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Ni No Kuni

Hayao Miyazaki, renowned director and co-founder of Japanese animation powerhouse Studio Ghibli, doesn't like video games. He once tried to play a PC version of the Japanese board game Shogi but it wasn't for him. "The PC checks all approaches," he said in an interview. "That's not fair." But despite his lack of fondness for the medium, Miyazaki’s studio teamed up with developer Level 5 to bring Ghibli’s incomparable style to the world of gaming. Released on the PlayStation 3 in Japan back in 2011, Ni No Kuni: Wrath of the White Witch finally made its way to an English-speaking audience this week. It combines two of the country's greatest exports — it's an epic role playing experience with the look and feel of a high quality...

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I've been showing off PlayStation Vita to my family. Dad likes a bit of Xbox, mum is conducting another affair with Professor Layton, and my 10-year-old niece is an evolutionary miracle: half-human, half-iOS.

As such, I'm always keen to gauge their reactions to any notable breakthrough in gaming, away from the stage-managed, on-message, cut-and-paste hype of The Industry.

Beaming with 'look at me' novelty, Reality Fighters seemed a good place to start. And it duly produced "ooh"s and "aah"s in all the right places as I swiftly transformed mother into a ballet-dancing kung fu master and had her striking wildly at her Santa coat-and-skirt-wearing son in my parents' kitchen sink. It puts a new spin on child abuse, if nothing else.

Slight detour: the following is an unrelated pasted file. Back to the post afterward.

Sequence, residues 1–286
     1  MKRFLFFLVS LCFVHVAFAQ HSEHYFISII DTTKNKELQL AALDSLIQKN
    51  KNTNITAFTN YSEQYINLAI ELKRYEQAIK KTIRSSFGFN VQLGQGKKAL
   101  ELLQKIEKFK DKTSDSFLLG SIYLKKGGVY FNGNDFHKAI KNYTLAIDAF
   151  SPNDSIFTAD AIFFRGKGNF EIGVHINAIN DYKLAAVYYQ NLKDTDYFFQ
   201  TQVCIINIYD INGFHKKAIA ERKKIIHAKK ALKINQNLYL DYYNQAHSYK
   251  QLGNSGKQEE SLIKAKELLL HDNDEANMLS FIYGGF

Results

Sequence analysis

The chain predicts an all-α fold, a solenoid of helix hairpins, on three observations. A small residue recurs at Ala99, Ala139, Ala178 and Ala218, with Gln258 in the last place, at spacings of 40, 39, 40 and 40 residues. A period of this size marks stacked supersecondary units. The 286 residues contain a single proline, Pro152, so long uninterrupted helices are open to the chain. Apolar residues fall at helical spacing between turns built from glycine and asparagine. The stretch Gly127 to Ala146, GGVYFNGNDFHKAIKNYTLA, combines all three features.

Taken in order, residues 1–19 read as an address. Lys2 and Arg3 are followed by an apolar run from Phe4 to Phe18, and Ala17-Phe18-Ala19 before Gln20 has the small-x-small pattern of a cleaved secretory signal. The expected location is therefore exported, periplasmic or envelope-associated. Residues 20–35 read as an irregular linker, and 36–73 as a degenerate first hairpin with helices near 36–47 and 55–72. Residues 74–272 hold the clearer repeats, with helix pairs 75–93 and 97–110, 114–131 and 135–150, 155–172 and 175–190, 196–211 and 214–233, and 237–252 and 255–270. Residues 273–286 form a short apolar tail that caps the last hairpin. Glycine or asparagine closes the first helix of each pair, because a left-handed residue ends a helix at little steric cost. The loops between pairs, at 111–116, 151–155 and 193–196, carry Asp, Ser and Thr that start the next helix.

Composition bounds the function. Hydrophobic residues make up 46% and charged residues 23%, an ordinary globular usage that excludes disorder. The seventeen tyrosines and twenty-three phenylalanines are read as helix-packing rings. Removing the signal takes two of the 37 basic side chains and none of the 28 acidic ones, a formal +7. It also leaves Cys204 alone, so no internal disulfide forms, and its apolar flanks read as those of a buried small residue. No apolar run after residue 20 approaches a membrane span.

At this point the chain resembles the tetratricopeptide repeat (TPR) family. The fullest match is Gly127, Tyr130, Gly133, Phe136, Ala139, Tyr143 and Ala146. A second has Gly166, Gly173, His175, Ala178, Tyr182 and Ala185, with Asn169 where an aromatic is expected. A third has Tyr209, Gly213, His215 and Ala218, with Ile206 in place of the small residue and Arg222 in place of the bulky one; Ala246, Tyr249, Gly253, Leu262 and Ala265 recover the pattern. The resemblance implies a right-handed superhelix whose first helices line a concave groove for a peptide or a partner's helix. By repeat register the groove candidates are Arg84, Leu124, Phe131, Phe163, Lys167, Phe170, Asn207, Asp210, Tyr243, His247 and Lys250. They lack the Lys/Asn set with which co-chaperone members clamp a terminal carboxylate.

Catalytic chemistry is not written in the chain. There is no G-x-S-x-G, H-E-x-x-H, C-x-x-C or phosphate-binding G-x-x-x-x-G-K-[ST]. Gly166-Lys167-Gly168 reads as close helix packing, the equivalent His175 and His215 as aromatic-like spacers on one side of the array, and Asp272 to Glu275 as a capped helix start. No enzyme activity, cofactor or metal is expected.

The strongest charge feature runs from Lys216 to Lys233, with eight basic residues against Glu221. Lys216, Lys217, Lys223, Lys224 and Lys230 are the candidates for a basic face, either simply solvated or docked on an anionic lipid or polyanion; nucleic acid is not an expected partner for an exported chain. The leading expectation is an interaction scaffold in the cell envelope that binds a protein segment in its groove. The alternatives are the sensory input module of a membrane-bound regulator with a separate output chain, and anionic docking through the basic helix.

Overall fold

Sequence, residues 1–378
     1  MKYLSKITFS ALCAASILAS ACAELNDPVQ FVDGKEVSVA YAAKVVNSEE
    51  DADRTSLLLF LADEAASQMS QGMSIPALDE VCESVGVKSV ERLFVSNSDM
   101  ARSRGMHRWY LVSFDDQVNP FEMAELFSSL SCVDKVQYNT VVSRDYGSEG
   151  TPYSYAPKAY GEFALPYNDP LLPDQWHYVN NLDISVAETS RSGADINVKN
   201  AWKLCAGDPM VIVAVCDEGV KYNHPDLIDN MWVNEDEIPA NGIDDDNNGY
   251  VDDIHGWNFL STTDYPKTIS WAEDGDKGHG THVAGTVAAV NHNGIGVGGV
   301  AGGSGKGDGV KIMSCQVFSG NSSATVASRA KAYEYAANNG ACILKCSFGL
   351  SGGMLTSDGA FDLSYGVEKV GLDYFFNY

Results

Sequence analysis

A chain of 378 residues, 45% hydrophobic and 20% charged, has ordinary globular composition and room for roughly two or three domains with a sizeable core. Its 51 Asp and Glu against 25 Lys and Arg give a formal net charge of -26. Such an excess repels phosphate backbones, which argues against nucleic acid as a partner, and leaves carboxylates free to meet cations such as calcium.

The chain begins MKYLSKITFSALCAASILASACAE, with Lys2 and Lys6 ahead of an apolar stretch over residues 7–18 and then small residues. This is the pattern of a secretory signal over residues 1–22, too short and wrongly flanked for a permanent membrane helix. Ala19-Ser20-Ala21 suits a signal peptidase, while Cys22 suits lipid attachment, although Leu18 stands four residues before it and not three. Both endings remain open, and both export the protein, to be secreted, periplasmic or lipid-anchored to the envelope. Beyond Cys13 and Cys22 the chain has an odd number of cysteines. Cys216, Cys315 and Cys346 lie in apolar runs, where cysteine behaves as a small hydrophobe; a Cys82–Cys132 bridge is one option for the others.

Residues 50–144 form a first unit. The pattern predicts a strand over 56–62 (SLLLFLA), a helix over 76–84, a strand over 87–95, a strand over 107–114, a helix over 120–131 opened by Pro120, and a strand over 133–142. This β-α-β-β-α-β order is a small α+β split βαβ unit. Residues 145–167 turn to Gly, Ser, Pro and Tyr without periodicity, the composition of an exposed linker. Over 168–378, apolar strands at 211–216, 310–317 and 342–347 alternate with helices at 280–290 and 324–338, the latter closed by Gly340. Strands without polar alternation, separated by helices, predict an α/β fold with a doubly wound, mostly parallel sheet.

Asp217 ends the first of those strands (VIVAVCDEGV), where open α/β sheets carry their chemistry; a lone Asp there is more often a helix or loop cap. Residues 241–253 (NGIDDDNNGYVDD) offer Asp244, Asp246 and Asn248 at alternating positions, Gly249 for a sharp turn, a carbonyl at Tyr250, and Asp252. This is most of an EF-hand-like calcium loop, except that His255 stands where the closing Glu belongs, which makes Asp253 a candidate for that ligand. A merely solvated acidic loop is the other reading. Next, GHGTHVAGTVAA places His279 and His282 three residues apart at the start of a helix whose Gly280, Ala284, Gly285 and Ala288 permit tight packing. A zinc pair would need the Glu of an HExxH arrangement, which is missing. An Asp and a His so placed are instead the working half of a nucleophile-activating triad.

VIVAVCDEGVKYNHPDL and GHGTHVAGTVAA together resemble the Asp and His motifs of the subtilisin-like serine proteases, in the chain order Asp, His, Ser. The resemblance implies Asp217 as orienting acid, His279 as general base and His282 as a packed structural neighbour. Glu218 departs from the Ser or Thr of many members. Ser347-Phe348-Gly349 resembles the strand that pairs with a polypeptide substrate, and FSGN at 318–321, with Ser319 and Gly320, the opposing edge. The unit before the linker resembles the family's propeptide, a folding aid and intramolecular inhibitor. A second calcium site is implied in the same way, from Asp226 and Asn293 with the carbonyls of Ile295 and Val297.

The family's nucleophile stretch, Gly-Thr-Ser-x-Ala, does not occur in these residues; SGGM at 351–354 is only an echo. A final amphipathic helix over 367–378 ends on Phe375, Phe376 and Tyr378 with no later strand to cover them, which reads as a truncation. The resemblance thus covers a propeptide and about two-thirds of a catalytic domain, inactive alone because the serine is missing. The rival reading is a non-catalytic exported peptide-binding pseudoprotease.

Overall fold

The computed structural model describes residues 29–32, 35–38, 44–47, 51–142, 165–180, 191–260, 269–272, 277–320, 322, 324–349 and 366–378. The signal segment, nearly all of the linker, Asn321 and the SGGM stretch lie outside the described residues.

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Revisiting Slow video games. A bunch of high quality ones are hitting the app stores, right now. The article discusses their significance and presents one approach to developing them.

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It is commonly thought that our brains and are minds are not entirely the same thing. I want to lift a concept out of the work of David Chalmers who states that the brain and the mind aren't the same and that the mind can be extended into the world

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A game of two halves.

Fetch the violins: I love football, but have always been crap at it. Whoever at Level-5 is responsible for Inazuma Eleven's concept is, I'd bet, in exactly the same boat: an enthusiast rather than an expert, the first to every match but one of the last to be picked. They know the dull ache of the substitutes' bench, or something like it. Inazuma Eleven isn't just a football game; it's a game about the love of football.

And one that's knocking on a bit. It's taken Nintendo over three years to release Inazuma Eleven in the UK, in which time it's not only been available in Japan, America and the rest of Europe, but has had two DS sequels and a Wii spinoff. Its age isn't nearly enough to warn you away from this, but Inazuma Eleven can feel clunky in terms of its menu screens and overall interface, which are aspects the series has since refined. But hey, this is Nintendo Europe, so let's party like it's 2008.

You play Mark Evans, a plucky young goalkeeper who's football-mad and the captain of his school team - which, at the start of the game, doesn't even have enough players for a match. The school is the hub for Inazuma Eleven, with most chapters constructed around a single match against a themed opposition team, and another chunk of the story to take you around the world map - a still screen that lets you jump from place to place.


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Super Mario Brothers for the NES. Often, people dismiss this game for having no story. This stance is just ignorant. Whether you like it or not, it's better to offer a detailed explanation of its parts and how they work together. Let's use the CED system.

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